Pubdate: Sat, 21 Aug 2010
Source: Red Bluff Daily News (CA)
Copyright: 2010 Red Bluff Daily News
Author: Geoff Johnson


TEHAMA Tehama County's medical marijuana approach attracted countless 
complaints and a lawsuit.

But here, in a town of about 500, a stricter policy has met with 
protest only from a handful of growers.

Tehama is a city so small some of its own residents are not aware the 
city can set its own rules, separate from those that apply to the 
unincorporated county. In March, the City Council unanimously enacted 
a marijuana policy after complaints of 10 or 11 noticeable gardens in the area.

Garden owners are prohibited to grow marijuana either inside or 
outside their residence or within 1,000 feet of a school. The plant 
can only be grown in a detached structure with a concrete base and 
built with solid materials...such as twoinch by four-inch or thicker 
studs overlaid with three-eighths inch or thicker plywood, according 
to the city code.

The structure must also have a ventilation system, be approved by a 
planning commission and be surrounded by a fence no higher nor lower 
than six feet. Higher fences are prohibited by city code.

Council members, including James Bacquet, said these requirements are 
necessary for security.

He cited a Los Molinos shooting, reportedly tied to medical marijuana 
theft, and the possibility children would climb into local gardens.

But the more commonplace problem may be the scent of harvest-ripe 
marijuana, he said.

Bacquet's own neighbor, a Prop. 215 patient, grew marijuana whose 
aroma triggered breathing problems in Bacquet's wife.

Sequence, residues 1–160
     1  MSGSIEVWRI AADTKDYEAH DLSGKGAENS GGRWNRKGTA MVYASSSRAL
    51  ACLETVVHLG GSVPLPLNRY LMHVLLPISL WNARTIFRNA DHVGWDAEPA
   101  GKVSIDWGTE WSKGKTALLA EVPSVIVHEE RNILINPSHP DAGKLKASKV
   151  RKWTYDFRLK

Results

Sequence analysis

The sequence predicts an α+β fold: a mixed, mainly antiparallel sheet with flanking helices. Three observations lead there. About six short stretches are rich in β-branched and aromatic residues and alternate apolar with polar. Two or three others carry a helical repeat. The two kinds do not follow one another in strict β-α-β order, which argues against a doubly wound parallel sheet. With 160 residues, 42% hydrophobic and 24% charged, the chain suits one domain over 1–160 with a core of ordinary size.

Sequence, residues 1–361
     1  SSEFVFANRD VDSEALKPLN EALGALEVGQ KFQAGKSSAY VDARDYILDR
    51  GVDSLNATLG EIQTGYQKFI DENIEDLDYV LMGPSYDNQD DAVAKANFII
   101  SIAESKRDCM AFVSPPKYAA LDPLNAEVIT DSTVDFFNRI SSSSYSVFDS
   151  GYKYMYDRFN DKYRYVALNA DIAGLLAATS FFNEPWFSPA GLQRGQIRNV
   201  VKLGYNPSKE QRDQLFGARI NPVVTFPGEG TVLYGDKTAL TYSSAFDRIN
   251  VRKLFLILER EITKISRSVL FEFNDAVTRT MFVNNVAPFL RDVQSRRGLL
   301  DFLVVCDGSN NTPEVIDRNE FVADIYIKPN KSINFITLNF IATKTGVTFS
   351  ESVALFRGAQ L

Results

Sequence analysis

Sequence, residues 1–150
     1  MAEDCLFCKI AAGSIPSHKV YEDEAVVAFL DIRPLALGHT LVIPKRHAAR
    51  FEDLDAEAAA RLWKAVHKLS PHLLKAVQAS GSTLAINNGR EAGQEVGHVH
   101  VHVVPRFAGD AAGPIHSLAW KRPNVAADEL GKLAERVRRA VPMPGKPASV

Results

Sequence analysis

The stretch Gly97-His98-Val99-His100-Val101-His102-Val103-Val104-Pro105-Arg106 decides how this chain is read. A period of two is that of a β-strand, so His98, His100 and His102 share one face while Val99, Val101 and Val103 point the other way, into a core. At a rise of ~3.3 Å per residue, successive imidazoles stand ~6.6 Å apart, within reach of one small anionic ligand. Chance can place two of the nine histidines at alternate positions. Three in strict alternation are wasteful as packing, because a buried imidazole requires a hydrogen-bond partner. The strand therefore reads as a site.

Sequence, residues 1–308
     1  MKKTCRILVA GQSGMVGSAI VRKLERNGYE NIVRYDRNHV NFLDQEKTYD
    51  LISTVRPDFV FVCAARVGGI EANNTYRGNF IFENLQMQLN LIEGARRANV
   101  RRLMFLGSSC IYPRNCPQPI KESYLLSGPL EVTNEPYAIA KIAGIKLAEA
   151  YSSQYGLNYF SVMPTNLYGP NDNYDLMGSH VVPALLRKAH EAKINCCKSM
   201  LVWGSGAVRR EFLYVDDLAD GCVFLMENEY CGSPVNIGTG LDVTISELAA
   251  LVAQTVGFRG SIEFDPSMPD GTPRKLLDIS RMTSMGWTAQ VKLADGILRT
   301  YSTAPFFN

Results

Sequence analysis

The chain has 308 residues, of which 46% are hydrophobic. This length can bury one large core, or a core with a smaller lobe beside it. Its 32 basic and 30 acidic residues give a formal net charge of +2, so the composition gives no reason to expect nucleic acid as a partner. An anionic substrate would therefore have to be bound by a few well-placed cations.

It was like a herd of skunks, he said.

Bacquet said he and his neighbor get along and seldom speak.

Just around the block, Darin Neville and his wife, Carol, gave a 
different story.

Neville said Bacquet has continually complained about everything from 
Neville's noise levels to his marijuana garden.

Every five minutes we're hearing problems, Neville said.

The couple lives on limited income. Darin Neville, suffering from 
neck injuries, is fighting for disability pay in court while Carol 
receives Social Security checks.

Purchasing marijuana is out of their price range, Darin Neville said. 
No one's been bothered for growing marijuana in this county for years, he said.

Their landlord has opted to appeal the city's decision, Darin Neville 
said. But the couple may soon leave Tehama altogether.

If they do, Marian Baker, another Prop. 215 patient, expects she will 
still be in town. She owns two local properties and cannot afford to 
move, she said.

Baker has already taken it upon herself to install a 24-hour 
surveillance system for her medical marijuana.

But she lives within 1,000 feet of a school.

That's my only problem, she said.

For Baker, it is a $500- a-day problem as the city hits her with 
daily citations.

The council's decision was advertised with little fanfare and passed 
after only minutes of discussion, she said.

Baker needs the plant to combat a host of debilitating illnesses, 
including fibromyalgia and others that rob her of her appetite, she said.

Neither collectives nor dispensaries offer an alternative.

Both are too expensive for Baker, who is on disability.

Even if she could get away from the school, building the kind of shed 
the city wants could cost $20,000 to $30,000, she said.

Bacquet disagreed with the figure. The most expensive part would be 
the ventilation, which could be built for a few hundred to less than 
$2,000 he said.

The rest is a question of building something that can withstand 
floods from the Sacramento River.

Neighbors offered mixed reactions.

I prefer them over anybody else I've seen in there, said Judy 
Reynolds, a Sierra Pacific Windows employee who lives across the 
street from the Nevilles.

A few doors down, Billy Reynolds, a logger unrelated to Judy 
Reynolds, said marijuana did not bother him, except when it is close 
to schools a sentiment cited by county supervisors when they passed a 
similar ordinance.

Council members meanwhile maintain the fight is necessary to keep 
Tehama from growing a reputation for marijuana, even if it means more 
hours for the city attorney and more hearings.

This is costing us a lot of money, but it's gotta be done, Mayor 
Robert Mitchell said.

Just the other day, he ran into a new, prohibited garden, he said.
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MAP posted-by: Keith Brilhart